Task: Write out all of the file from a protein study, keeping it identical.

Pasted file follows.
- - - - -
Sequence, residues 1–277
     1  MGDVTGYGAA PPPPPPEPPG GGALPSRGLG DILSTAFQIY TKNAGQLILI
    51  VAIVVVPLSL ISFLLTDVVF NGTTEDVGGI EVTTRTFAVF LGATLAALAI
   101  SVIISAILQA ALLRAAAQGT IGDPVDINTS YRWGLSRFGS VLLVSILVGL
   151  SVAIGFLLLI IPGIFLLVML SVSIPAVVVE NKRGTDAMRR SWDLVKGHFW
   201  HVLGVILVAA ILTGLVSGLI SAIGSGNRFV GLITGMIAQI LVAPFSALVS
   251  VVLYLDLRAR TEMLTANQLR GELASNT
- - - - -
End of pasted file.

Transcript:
Sequence, residues 1–277
     1  MGDVTGYGAA PPPPPPEPPG GGALPSRGLG DILSTAFQIY TKNAGQLILI
    51  VAIVVVPLSL ISFLLTDVVF NGTTEDVGGI EVTTRTFAVF LGATLAALAI
   101  SVIISAILQA ALLRAAAQGT IGDPVDINTS YRWGLSRFGS VLLVSILVGL
   151  SVAIGFLLLI IPGIFLLVML SVSIPAVVVE NKRGTDAMRR SWDLVKGHFW
   201  HVLGVILVAA ILTGLVSGLI SAIGSGNRFV GLITGMIAQI LVAPFSALVS
   251  VVLYLDLRAR TEMLTANQLR GELASNT